The Naxi minority who live in the ancient town of Lijiang in the Yunnan province are easily recognizable. Dressed primarily in white, blue, and black, the women wear tunic-type long dresses, pants, and sturdy, chunky shoes. It is practical fashion; suitable for all kinds of work. Embroidered collars and sleeves and distinctive sheepskin capes bearing symbols of industriousness are the only embellishments.
Until recently, the Naxi lived in matriarchal families, though local rulers were always male. Sexual union was a flexible arrangement in which both partners continued to live in separate homes; the man might spend the night at a woman’s house but return to live and work at his mother’s house during the day. Any children born to the couple belonged to the woman, who was responsible for bringing them up. The father provided support, but children lived with their mothers and no special effort was made to recognize paternity. Women inherited all property, and female elders adjudicated any disputes.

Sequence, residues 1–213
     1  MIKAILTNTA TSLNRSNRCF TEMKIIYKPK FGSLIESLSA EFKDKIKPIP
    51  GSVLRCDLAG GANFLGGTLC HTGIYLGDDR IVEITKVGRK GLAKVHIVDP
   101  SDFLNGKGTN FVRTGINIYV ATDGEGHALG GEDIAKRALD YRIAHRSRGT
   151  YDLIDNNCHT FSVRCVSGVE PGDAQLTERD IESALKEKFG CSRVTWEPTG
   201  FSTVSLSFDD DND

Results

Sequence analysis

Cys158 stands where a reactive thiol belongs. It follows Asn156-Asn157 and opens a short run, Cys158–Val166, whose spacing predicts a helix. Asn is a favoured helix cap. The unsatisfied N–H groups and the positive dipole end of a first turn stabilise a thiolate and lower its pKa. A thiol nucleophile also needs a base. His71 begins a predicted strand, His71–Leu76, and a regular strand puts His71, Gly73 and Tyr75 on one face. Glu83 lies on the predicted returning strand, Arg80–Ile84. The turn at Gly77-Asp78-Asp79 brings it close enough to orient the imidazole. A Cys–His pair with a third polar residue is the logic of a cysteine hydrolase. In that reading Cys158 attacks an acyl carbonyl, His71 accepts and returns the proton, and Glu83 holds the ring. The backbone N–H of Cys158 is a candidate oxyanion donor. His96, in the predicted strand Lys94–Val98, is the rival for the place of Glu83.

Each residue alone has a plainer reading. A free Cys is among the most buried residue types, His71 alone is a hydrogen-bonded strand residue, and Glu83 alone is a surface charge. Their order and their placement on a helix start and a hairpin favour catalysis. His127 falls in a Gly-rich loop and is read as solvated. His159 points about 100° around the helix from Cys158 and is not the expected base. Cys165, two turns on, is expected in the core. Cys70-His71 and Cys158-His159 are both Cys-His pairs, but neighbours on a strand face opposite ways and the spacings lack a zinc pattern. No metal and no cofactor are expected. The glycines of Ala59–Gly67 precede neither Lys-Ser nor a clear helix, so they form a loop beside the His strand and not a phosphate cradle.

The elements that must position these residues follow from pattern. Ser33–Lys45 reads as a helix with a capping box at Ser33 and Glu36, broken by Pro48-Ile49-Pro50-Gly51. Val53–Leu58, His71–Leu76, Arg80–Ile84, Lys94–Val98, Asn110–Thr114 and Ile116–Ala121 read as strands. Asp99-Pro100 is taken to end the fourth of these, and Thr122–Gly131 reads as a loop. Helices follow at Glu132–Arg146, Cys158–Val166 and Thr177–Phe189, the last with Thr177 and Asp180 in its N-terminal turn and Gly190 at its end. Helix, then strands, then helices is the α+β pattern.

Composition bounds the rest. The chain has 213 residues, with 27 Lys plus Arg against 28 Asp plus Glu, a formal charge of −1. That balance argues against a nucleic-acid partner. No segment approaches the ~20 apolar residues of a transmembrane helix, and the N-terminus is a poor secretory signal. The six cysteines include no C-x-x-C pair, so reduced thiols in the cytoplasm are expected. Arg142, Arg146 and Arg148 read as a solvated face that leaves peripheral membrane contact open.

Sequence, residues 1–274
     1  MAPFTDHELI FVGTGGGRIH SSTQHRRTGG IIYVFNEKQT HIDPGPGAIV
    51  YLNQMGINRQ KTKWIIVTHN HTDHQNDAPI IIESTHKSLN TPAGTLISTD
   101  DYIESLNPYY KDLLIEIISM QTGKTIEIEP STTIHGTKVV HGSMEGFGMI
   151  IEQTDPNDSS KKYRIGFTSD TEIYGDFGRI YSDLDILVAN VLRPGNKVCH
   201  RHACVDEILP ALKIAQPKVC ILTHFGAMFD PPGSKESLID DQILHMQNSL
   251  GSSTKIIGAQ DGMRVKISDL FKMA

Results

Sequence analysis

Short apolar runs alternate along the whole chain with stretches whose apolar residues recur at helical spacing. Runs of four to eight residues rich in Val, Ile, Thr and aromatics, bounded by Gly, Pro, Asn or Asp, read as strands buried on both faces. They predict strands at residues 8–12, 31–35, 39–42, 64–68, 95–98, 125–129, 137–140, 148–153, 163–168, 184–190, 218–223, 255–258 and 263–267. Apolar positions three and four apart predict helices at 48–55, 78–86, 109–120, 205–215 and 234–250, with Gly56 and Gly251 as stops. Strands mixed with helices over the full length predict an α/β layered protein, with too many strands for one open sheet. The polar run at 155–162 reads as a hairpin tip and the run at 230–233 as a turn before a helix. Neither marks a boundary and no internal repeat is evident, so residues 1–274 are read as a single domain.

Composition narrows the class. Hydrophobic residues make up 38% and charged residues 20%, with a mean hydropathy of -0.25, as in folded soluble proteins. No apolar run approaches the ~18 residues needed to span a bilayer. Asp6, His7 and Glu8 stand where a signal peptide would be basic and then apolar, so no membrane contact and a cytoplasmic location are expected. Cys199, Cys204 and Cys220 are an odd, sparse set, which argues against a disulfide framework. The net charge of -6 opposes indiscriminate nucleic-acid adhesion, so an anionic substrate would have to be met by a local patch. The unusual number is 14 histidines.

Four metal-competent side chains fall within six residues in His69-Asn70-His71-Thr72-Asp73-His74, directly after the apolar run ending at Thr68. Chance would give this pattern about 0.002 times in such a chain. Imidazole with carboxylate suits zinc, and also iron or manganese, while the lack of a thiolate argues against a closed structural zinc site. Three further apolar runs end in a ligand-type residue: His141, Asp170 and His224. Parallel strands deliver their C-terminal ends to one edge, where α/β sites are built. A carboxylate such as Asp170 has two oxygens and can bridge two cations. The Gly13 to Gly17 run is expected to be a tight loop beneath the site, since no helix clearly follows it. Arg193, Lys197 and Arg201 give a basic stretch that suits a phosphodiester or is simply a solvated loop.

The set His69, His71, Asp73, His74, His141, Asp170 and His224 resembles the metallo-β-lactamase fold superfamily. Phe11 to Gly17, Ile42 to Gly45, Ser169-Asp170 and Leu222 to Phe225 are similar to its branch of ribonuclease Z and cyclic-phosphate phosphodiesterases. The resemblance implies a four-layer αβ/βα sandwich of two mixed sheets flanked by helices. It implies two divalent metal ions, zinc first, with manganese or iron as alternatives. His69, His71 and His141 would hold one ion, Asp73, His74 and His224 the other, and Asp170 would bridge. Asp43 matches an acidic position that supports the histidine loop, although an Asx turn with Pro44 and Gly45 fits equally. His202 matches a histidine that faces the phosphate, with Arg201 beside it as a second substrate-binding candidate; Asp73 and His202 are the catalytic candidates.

A person might see a feminist, political statement in this image of Naxi women. But what I see is women living in full. They have fun, tell jokes, have and resolve disputes, work in partnerships. They have lovers, they have children, they have fellowship with other women they’ve known since birth. They are not subject to living under glass ceilings. No one is telling them whether they can go to school or what to eat or drink…or think! They can take in other people’s needs without losing track of themselves as whole people.
I’m not a group person but I admire their sense of ease together. They have a foundation of trust and love and support, which liberates them to be authentic. I celebrate their laughter, how they touch and lean upon each other, how they tease and express tenderness. I celebrate women living in full.